What it means is that a wormhole exists between every entangled particle in the universe. And as every particle in the universe is entangled it means that wormholes exist between every particle in the universe. Which means that at the quantum level the universe is NOTHING but wormholes. Now that we know that wormholes are responsible for entanglement we are in a better position to judge what a wormhole is, or at least what it is not.

For starters it obviously has no dimensions such as length, diameter, beginning, end, top bottom etc. It seems to me that a wormhole is synonymous with non-locality, it is an absence in space-time, such that the same event can occur simultaneously at two different points in space-time. The article describes the universe as filled with ‘a thicket of cosmic tunnels’ but I think this should be read as tunneling in the context of quantum mechanics, and we may say that a wormhole emerges where there is some probability of a signal passing between two particles faster than the speed of light to trigger a non-local event.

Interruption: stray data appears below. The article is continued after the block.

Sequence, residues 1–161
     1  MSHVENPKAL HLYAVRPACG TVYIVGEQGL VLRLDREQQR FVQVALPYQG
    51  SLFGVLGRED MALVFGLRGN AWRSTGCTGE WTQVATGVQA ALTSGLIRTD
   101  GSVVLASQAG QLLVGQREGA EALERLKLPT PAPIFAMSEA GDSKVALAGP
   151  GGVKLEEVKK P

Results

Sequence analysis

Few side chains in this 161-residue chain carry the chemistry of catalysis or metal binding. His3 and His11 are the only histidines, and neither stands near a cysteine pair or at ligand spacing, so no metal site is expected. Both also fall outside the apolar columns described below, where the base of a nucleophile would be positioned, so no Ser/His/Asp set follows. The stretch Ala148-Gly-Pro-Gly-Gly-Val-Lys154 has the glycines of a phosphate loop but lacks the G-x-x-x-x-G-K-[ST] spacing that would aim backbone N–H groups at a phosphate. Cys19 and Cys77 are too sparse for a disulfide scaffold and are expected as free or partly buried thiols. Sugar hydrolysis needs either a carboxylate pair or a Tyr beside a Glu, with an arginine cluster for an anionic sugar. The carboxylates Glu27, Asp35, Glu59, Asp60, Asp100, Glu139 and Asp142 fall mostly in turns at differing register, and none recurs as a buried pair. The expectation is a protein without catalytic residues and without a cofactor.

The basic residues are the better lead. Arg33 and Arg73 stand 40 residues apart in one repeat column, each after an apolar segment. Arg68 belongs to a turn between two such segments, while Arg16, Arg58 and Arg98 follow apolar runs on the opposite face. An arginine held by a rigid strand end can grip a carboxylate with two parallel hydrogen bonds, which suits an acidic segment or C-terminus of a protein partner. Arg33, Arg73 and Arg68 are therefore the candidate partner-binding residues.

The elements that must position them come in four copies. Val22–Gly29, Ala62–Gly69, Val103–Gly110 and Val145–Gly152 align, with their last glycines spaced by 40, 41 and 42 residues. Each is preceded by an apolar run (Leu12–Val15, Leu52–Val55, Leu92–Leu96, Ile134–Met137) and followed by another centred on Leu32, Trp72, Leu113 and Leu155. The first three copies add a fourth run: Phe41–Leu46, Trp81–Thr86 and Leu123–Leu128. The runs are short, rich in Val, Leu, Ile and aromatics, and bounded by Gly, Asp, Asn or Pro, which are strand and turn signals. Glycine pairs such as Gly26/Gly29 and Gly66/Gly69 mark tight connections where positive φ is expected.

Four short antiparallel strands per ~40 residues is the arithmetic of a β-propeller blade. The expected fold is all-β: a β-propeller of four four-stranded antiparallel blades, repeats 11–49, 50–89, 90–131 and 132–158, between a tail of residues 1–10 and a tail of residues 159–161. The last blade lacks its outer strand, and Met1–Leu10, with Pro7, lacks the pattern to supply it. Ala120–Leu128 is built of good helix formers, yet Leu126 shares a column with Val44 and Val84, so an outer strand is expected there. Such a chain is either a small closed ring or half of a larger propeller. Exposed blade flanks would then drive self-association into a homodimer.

It goes without saying that non-locality (wormholes) means that the universe cannot be a real (physical) object. It must be virtual. Is this ‘spooky’… or what! And effectively what it means is that if individual particles can ‘tunnel’ to distant parts of this universe, or indeed into other parallel universes, then there is no reason in principle why a collection of particles, such as a human being, cannot do the same. Indeed the fact that wormholes are ubiquitous in Nature means that once we get the technology right, the process will become as commonplace as “Beam me up, Scottie” every time you want to come on board. And of course there would be no need for a proper ‘spacecraft’. Just like in the movie Spaceballs by Mel Brooks, you and a couple of your friends could probably travel in a Winnebago.

Another proposition we may derive from the fact of living in a virtual universe generated from within by the DNA is that right now the DNA actually knows where in our universe, and where in the parallel universes, our doppelgänger planets are located. This of course means that when the time comes in the not too far distant future when we can beam ourselves off to distant planets, then the knowledge of where these planets are actually located will be built into the technology.